So let’s talk about some specific craft supplies and how to clean them up!
How to Clean Up Glitter
The best way to avoid a glitter mess is not to use glitter. I’m kidding. But if you do have a glittery mess, the best advice is to sweep it up first. When you have swept up most of the dry glitter you can dab up the rest with a damp paper towel. Then take your broom outside and shake it off and rinse your dustpan. Avoid getting large amounts of glitter wet, it won’t help. I also don’t like to vacuum glitter because then your vacuum will be glitter infested forever.
How to Clean Up Acrylic Craft Paint
If you have acrylic craft paint on a hard non-porous surface, it’s best to clean it up while it’s still wet. You can do this with a wet paper towel and it should come off.
If the craft paint has dried on a hard non-porous surface, you will likely be able to peel or gently scrape it off, be careful not to scratch your surface. If that doesn’t work try rubbing with a wet sponge.
If you get acrylic craft paint on fabric. You MUST clean it up while it’s still wet. Saturate/rinse the fabric with cool water as soon as humanly possible. It’s really your only hope to fully get the paint out. If I get acrylic paint on my shirt, I would run the area under the faucet until the paint is gone. If it’s not completely removed, add some laundry detergent. Do not allow the fabric to dry until the stain is totally gone.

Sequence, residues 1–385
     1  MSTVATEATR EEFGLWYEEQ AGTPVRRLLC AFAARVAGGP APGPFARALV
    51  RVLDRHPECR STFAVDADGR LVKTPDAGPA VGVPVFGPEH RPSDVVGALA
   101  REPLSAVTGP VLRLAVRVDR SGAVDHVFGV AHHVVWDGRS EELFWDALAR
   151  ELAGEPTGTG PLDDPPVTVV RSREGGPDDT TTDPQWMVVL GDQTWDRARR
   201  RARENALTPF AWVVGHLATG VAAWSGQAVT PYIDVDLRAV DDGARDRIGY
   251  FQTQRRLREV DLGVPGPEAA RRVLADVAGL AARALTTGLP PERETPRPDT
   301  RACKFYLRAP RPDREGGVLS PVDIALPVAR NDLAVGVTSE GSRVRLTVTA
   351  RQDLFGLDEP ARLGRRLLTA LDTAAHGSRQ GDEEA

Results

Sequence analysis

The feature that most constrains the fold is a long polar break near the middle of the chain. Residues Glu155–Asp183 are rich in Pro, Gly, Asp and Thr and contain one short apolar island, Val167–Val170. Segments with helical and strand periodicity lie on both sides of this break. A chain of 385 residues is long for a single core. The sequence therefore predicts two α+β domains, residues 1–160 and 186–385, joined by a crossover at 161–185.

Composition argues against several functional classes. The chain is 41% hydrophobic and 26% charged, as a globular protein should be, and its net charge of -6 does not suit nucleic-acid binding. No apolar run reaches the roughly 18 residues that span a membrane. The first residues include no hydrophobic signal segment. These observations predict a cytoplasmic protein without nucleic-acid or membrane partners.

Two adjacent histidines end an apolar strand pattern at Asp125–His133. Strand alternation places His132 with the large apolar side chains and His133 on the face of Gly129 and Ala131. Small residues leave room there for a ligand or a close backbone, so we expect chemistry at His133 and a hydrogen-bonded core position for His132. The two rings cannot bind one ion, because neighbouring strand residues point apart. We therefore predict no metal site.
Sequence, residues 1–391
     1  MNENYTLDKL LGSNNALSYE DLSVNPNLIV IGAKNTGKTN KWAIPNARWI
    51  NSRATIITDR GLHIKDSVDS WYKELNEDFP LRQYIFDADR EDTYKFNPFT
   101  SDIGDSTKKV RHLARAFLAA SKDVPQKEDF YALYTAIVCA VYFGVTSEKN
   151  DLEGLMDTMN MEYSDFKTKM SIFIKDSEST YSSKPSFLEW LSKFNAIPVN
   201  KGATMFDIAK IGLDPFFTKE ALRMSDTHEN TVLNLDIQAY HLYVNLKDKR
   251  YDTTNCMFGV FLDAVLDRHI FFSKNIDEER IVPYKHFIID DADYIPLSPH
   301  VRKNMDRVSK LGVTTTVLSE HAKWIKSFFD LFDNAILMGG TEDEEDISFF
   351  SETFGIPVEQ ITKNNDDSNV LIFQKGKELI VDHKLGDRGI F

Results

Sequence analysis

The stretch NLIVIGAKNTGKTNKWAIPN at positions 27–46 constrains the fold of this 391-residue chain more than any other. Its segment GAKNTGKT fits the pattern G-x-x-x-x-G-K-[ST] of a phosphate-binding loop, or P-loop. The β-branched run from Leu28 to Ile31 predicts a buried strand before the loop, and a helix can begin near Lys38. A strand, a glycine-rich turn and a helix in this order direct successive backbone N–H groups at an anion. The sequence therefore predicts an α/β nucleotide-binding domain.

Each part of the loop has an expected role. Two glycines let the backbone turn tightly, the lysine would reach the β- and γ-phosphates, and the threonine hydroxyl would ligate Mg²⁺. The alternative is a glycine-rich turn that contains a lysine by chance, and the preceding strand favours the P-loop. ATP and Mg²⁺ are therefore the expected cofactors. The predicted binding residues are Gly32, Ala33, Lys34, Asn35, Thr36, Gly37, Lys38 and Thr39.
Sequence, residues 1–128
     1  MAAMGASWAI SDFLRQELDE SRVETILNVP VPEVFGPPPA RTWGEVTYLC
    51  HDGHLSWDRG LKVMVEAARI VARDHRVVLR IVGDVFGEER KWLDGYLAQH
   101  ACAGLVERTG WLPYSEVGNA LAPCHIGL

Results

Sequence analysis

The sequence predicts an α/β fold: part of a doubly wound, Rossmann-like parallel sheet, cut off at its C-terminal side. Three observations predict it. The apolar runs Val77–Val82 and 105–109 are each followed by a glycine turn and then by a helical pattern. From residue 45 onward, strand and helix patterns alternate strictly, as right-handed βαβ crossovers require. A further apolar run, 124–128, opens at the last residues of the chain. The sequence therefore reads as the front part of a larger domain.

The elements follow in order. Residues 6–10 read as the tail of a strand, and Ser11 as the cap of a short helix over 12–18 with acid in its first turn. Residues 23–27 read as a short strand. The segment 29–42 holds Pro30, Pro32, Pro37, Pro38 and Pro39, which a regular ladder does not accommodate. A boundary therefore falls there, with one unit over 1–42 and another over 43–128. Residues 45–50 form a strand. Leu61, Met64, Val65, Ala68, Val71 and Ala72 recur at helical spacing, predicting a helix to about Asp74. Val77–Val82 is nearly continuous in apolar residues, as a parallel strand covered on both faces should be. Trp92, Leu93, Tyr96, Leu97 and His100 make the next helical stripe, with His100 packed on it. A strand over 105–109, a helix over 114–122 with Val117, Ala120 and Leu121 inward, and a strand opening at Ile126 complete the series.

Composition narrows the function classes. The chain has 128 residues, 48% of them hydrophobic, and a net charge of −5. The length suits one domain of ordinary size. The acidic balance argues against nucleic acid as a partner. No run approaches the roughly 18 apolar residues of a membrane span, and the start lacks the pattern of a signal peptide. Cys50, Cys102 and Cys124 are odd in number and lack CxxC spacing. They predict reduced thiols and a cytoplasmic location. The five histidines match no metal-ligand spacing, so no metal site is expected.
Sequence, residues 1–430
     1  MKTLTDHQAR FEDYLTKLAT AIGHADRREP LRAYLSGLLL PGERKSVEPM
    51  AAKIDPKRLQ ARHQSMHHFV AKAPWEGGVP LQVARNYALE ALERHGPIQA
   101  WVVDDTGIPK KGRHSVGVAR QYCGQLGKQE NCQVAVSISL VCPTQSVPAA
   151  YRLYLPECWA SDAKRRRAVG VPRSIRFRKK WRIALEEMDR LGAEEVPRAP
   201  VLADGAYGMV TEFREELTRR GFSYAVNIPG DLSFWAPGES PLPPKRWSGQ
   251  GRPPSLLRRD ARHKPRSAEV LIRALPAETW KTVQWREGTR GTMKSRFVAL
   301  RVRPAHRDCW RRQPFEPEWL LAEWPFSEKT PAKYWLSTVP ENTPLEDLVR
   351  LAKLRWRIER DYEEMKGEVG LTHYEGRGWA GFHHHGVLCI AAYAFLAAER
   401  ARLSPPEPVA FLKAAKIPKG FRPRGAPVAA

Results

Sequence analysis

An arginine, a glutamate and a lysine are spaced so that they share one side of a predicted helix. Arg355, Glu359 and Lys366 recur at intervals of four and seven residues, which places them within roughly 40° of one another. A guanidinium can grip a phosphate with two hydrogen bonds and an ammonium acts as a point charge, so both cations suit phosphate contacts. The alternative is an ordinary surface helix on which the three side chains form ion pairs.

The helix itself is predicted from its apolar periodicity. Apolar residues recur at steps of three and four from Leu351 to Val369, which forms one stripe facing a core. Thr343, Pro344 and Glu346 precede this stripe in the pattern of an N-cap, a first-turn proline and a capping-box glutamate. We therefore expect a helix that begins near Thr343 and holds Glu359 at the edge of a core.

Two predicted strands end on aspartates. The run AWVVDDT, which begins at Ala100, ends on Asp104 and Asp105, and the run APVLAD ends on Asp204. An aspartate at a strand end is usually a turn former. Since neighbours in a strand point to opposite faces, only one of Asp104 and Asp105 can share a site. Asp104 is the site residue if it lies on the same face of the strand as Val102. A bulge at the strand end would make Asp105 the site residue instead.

If you get acrylic craft paint on a fabric surface like a couch or carpeting, again, try not to let it dry. Blot with cool water, you can try mixing in some laundry detergent, until the stain is gone.
If you get acrylic craft paint on fabric and it has dried, it’s probably too late. This great guide suggests trying nail polish remover or hairspray, but I have not had either of those work.
How to Clean Up Watercolor Paint
Watercolor paint is, by nature, very water soluble, so if you can get to the paint while it’s still wet, clean up with water may work. Saturate the area and blot until the stain is gone.
If you get watercolor on fabric, try to blot immediately with lots of water. If a stain remains, treat as you would any other fabric stain with laundry detergent or cleaner. Do not put in the dryer until the stain is gone.
How to Clean Up Spray Paint
Your best bet for cleaning up water based spray paint is wiping or washing it away with water before it dries. If you have dried spray paint on your skin, some mild hand soap and gentle scrubbing will eventually get it off.
If you have oil based spray paint on your skin you will need to follow the directions from the can for removal, probably using a solvent. Other people recommend trying baby oil or olive oil as an alternative.
If you make a mess with spray paint outside, for example, on your driveway, consider a pressure washer.
If you get spray paint on fabric, try and clean it with water if water based, or solvent (after a spot test) if oil based, before it dries. But if that doesn’t work, it may be a lost cause.
How to Clean Up Hot Glue
Hot glue is tricky because, well… it’s hot. Are you really a crafter if you haven’t burned yourself at least once with hot glue?
If you have dried hot glue on fabric or soft surfaces, put it in the freezer or hold ice cubes on the spot and see if you can peel the glue off.
If you have dried hot glue on hard surfaces, swab rubbing alcohol around the edges of the glue (after spot testing of course!) and see if you can peel them apart.